Commencing at 1030 on February 15 and lasting for a full eight hours, the RYUJO's planes subjected Doorman's force to successive waves of high-level bombing attacks. But they were so consistent and precise -- too much so -- that the allies were able to gauge the exact moment of release and avoid the bombs. This went on all day, and the destroyers USS BULMER and USS BARKER were badly shaken by close near-misses. The EXETER had come under close attack in Banka Strait, but had fought them off. None of the cruisers had been damaged, but at 1300 - after fending off attacks for two-and-a-half hours - that Doorman decided to abandon the offensive and withdraw. He signaled his ships to retire through the Gaspar Strait and make for home, some to Tanjong Priok, and the rest to Oosthaven on the Sumatran coast; at the latter refueling plans were complicated because the Dutch were already blowing up the installations. The Striking Force thereupon retired to the south of Java. That same night, at 2030, came the climatic surrender of Singapore. It was incredible: in just seventy days Yamashita had struck 650 miles down the Malay Peninsula and captured 130,000 British troops and in the same seventy days an Empire was thus lost to Britain.

Upon learning of Doorman's withdraw, Ozawa ordered the invasion fleet to resume its advance, and Japanese transports began landings in the Musi River on 16 February. The troops immediately made off up river to capture Palembang and with it half the petrol reserves of the Indies. The effect of this defeat was to shatter ABDA's already tenuous harmony. Admiral Hart was relieved of command and Helfrich took over

On 17 February the Dutch destroyer VAN NES succumbed to a bombing attack south of Banka Island as it attempted to rescue evacuees from Sumatra that were part of the exodus from fallen Singapore. The next day Japanese bombers sank the old Dutch battleship SURABAYA in the port it was named after; and the submerged Dutch submarine K-1 was also sunk by an unlucky bomb hit, drowning the reduced crew aboard.


The Raid On Port Darwin

PEARY was hit 5 times. While trying to smoke hospital ship MANUNDA, she was hit on the fantail, removing the dcs, propeller guards, racks, and flooding the steering engine room and slicing off one of her propellers. An incendiary bomb landed near the galley [amidships between the funnels], while another went through the fire room without exploding. The 4th bomb set off the forward ammo magazines fatally wounding Cdr. John M. Bermingham, while the 5th, and incendiary, exploded in the after engine room. She sank stern first about 1300, with a loss of all but 52 of her crew; some 80 officers and men were lost; only one officer - Gunnery officer Lt. W.J. Catlett - survived.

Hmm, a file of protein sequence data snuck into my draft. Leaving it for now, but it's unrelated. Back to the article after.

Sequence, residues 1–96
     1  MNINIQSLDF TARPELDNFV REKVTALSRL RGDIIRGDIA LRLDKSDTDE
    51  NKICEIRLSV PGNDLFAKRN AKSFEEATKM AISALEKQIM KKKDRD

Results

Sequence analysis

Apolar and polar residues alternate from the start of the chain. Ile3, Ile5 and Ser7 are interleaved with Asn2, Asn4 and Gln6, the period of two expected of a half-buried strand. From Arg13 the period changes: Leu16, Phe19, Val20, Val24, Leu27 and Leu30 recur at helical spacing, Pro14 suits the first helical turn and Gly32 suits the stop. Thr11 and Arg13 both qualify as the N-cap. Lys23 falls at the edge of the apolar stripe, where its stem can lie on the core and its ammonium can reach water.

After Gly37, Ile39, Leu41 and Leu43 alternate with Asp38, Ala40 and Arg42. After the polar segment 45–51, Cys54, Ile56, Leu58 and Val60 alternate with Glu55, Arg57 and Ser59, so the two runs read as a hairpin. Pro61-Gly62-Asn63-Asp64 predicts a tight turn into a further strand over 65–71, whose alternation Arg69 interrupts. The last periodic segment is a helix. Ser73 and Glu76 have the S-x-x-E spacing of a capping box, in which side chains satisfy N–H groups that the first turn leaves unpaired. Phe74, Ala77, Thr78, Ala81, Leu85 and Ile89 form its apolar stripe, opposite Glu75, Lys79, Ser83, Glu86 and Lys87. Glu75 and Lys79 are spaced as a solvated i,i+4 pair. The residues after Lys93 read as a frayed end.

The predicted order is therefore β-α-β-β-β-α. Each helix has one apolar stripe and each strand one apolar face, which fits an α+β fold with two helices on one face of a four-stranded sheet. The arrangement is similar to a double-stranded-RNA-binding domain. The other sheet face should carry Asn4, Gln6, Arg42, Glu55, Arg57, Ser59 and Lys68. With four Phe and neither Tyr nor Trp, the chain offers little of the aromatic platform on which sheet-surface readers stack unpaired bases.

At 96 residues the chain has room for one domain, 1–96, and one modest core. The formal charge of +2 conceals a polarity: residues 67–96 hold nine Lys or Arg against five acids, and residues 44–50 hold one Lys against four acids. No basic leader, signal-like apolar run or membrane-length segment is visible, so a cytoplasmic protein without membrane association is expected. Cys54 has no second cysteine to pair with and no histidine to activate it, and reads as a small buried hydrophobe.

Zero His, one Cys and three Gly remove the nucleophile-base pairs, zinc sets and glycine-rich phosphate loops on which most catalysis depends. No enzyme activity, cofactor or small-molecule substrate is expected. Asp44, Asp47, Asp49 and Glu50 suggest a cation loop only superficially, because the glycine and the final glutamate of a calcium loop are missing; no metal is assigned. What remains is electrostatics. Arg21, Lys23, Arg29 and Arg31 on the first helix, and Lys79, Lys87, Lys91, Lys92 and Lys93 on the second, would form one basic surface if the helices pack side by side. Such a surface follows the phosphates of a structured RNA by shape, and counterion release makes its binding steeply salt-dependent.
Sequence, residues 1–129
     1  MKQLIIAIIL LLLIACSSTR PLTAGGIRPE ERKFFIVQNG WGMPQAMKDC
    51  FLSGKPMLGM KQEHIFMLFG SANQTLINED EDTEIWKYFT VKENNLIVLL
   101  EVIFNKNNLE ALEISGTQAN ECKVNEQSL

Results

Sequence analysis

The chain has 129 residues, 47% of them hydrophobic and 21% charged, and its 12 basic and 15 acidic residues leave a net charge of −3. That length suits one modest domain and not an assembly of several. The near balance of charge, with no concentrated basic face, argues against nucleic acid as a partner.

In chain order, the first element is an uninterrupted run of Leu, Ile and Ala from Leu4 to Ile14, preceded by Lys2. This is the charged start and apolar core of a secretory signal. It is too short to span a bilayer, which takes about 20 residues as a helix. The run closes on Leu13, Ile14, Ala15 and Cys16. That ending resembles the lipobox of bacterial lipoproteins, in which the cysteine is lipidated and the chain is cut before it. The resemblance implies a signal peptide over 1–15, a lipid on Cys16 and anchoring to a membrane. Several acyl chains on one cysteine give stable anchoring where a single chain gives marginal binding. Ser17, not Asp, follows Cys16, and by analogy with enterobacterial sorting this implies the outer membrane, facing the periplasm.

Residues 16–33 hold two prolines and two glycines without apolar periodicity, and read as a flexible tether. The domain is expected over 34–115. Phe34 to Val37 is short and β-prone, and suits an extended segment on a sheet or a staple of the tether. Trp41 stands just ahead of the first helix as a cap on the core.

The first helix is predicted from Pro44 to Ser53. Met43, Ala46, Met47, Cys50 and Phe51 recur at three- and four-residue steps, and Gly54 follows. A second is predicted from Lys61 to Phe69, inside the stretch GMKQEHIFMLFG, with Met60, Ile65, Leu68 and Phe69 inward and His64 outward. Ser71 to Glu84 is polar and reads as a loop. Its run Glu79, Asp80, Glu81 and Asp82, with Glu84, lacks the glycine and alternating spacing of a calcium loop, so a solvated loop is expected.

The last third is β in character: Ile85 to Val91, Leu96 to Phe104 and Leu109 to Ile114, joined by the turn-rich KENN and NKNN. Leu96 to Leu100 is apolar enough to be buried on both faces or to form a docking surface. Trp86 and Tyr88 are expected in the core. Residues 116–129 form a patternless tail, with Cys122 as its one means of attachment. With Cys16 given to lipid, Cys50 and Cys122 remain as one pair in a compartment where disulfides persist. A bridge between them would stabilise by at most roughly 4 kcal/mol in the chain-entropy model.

On 23 February General Wavell rec'd orders to leave Java, and on the 25th he left secretly with his staff aboard the British sloop KEDAH, escorted for part of the way by the PILLSBURY. But Admiral Palliser rec'd orders on the 24th to remain in Java as commander of British naval forces as Helfrich's CoS. He was to withdraw when further resistance was futile.

0n 24 February Surabaya was heavily bombed again. The Dutch destroyer BANCKERT had a huge hole blasted in her stern by a bomb's near-miss while she was refueling. As a result, though she was placed in a floating dock of the naval base for repairs, the BANCKERT ultimately would see no further action. At the same time the unlucky USS STEWART - still lying on her port side in dry-dock - was struck by three bombs which finished the job the accident had started. The next day her crew was split up in thirds, and sent to sister-ships PILLSBURY, PARROTT, and JOHN D. EDWARDS.


The Battle of Java Sea

But these losses could not be allowed to distract the mobilizing of the fleets to stop the impending invasion of Java. That same day Admiral Helfrich had ordered the British ships on escort duty at the western end of Java to depart Tanjong Priok and join Doorman. Thus Commodore Collins ordered the EXETER, PERTH, ELECTRA, JUPITER and ENCOUNTER to Surabaya to "on arrival place yourselves under the orders of the Escadier Commandant [Doorman]". At 1400 25 February the British ships departed Tanjong Priok, making a brave sight with all ensigns flying as they headed to sea and their destiny. (Left behind was the Australian cruiser HOBART, who had been delayed in her fueling when her tanker was struck by a bomb only an hour previously). They were expected to reach Surabaya in only twenty-four hours, but so fast were events moving now that even this seemed too long. For Doorman put to sea at dusk of the 25th, without waiting for the British reinforcements, in order to conduct a sweep for the reported Japanese invasion force.